phoebe it is

                  Comment


                  • #39
                    Re: Toilet Help!?

                    Originally posted by DUNBAR View Post
                    Hrmmmm.....


                    Plumber Rick was responding to this thread and he stopped.


                    This can't be good.....
                    no just business before pleasure.

                    phone calls

                    rick.
                    phoebe it is

                    Comment


                    • #40
                      Re: Toilet Help!?

                      It wasn't until this last discussion that it was explained to me by Ben and Greg that you guys make your own flat prices.It has also been suggested that I put together a format of pricing for my company for odd little homeowner stuff that seems to be popping up all the time.The same principal I use to bid projects.

                      I figured that you were doing the same job I was for what I would consider the overinflated prices I've heard horror stories about.Which could be equaled as you figuring I'm a lumbering three toed sloth on hourly.

                      So my advice to the original poster is to make more than 1 or 2 phone calls because sooner or later you will contact a flat rate plumber that is going to charge you for replacing the angle stop and not the purchase of his yacht.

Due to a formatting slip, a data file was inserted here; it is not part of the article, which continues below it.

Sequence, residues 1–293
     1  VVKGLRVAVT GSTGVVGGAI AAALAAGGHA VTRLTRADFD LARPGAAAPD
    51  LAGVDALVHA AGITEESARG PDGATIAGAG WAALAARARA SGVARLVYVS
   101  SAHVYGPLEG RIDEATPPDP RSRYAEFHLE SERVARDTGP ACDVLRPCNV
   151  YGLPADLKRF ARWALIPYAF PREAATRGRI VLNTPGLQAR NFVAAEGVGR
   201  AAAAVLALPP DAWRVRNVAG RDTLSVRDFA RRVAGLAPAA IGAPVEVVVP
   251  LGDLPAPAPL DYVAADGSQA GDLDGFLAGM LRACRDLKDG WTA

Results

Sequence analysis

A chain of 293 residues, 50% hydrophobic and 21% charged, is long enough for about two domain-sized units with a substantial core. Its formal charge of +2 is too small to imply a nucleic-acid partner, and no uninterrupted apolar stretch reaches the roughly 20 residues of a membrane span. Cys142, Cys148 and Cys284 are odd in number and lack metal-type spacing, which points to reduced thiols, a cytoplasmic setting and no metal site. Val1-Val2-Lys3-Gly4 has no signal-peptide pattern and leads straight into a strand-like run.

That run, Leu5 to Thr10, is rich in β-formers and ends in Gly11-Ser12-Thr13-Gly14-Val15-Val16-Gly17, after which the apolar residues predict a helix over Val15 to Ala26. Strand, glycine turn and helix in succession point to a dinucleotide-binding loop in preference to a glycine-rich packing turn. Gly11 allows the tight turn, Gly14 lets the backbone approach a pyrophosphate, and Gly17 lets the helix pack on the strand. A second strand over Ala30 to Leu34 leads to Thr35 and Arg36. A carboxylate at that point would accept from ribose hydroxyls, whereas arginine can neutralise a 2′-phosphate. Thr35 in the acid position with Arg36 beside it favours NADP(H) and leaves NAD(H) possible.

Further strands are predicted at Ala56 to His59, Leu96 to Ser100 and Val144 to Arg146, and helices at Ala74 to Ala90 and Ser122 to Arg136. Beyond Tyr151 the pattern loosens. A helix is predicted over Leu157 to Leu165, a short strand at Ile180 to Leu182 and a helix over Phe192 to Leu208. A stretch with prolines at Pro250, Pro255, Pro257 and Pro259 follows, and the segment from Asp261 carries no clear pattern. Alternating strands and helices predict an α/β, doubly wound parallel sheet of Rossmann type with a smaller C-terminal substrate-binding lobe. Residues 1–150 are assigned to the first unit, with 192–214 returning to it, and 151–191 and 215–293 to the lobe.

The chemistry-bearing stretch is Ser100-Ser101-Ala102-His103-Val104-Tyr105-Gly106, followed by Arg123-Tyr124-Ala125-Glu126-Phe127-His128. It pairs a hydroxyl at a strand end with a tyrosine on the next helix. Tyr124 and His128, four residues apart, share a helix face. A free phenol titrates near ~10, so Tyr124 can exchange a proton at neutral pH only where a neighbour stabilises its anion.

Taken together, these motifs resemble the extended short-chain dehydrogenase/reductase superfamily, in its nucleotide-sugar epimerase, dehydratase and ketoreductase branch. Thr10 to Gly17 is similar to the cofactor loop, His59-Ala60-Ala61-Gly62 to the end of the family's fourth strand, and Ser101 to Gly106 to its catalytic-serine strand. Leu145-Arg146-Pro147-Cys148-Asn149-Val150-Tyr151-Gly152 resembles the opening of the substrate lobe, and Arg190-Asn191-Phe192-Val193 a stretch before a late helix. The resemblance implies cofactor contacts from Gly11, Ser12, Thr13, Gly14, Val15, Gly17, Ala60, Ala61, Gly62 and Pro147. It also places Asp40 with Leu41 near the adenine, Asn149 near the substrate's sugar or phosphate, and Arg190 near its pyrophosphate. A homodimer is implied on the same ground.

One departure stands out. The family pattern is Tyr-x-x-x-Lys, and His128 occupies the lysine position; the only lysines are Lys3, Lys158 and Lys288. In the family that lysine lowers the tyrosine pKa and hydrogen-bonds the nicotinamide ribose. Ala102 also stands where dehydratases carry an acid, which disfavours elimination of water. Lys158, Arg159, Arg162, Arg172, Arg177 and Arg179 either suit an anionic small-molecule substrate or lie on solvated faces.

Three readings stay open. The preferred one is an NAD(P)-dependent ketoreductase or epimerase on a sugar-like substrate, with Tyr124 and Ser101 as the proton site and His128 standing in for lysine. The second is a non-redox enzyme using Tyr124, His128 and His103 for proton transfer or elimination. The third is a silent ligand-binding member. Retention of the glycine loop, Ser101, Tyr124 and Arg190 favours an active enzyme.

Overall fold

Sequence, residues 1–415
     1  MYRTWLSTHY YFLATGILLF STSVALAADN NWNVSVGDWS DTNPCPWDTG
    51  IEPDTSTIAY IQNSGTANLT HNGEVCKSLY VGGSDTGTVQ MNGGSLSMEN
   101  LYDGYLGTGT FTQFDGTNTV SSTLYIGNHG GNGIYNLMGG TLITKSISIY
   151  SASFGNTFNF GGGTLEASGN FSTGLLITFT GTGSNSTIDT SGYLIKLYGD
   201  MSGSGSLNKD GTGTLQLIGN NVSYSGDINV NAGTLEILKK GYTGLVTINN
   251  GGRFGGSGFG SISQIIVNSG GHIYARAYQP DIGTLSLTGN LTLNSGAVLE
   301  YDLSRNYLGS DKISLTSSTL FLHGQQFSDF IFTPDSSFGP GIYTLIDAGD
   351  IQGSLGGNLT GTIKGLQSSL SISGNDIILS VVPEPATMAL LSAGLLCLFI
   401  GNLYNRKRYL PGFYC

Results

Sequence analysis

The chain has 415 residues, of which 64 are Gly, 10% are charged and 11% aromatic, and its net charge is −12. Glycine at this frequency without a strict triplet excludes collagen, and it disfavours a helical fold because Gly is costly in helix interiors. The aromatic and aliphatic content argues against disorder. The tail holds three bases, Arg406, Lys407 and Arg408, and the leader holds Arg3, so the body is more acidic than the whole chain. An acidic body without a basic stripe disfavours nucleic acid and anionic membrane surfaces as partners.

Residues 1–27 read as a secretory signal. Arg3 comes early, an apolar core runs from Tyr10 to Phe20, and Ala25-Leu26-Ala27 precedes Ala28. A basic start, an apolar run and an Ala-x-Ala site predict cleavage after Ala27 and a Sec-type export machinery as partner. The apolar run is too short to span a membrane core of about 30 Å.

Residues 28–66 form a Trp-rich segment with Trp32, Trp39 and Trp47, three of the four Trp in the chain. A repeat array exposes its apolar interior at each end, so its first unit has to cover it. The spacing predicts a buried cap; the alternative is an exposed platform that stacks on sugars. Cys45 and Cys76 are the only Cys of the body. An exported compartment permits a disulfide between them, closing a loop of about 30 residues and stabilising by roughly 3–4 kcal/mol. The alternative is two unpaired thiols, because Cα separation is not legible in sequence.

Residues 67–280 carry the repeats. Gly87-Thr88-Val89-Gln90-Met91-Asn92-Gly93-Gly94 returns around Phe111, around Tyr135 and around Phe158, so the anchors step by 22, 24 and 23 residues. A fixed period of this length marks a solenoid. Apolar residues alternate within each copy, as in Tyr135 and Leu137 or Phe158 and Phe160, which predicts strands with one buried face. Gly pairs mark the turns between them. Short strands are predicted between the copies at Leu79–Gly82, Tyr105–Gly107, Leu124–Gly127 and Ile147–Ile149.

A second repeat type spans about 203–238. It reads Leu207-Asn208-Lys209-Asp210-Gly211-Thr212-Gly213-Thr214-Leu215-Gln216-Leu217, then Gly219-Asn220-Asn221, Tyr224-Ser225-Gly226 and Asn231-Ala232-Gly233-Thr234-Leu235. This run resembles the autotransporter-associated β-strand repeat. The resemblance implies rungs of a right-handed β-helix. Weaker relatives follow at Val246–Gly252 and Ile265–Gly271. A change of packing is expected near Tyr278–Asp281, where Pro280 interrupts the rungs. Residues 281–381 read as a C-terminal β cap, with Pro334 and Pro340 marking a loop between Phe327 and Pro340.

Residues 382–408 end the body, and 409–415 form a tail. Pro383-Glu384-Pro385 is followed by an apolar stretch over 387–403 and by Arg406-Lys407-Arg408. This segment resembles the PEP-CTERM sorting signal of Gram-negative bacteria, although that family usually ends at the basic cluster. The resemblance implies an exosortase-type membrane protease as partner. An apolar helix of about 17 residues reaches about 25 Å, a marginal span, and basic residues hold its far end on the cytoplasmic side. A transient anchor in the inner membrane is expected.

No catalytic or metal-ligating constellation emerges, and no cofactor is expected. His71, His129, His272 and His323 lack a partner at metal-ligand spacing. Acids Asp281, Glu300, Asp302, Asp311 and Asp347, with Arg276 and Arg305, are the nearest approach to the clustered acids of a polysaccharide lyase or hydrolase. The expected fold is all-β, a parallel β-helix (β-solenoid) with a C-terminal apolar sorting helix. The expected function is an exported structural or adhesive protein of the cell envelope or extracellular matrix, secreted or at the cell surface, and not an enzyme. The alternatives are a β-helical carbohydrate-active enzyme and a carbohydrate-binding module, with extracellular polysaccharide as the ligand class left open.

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                      • #41
                        Re: Toilet Help!?

                        Not true. Most of us pricing at flat rate have had a professional come into our shop, do an overhead\cost evaluation and then design the flat book pricing around those criteria. Do we adjust it, yes most of us do and for various reasons. Just for fun say you just got your masters license and decided to go into business. You buy a new van, a couple thousand dollars worth of tools, insurances, some advertising, office supplies, and all the other little necessities of being in business. Lets say all added up, your expenses come to $7,000.00 a month. What's your hourly rate going to be, remembering that if you can actually bill 6 hrs out of a 8 hr day your're doing well. Don't forget to make a profit, otherwize there's no point in being in business.
                        sigpic

                        Comment


                        • #42
                          Re: Damn comon, only 2 more posts?

                          Originally posted by DUNBAR View Post
                          Where is the line drawn on who is the judge and jury of which one of those two prices is legit?
                          I consistantly lose jobs to new guys that anxiously underbid, within a year those guys are often not around.

                          Customers can be brutal, buying into the old "Plumbers make more than Doctors" myth, they play price games and often go with whoever is desperate or inexperienced enough to give them "their" price to get the job.

                          Via process of ellimination I avoid the price gougers.
                          Taking a short term loss to prevent referrals to their uncle Ned, who was informed that I work cheap, saves my future ***.

                          Comment


                          • #43
                            Re: Toilet Help!?

                            Originally posted by PLUMBER RICK View Post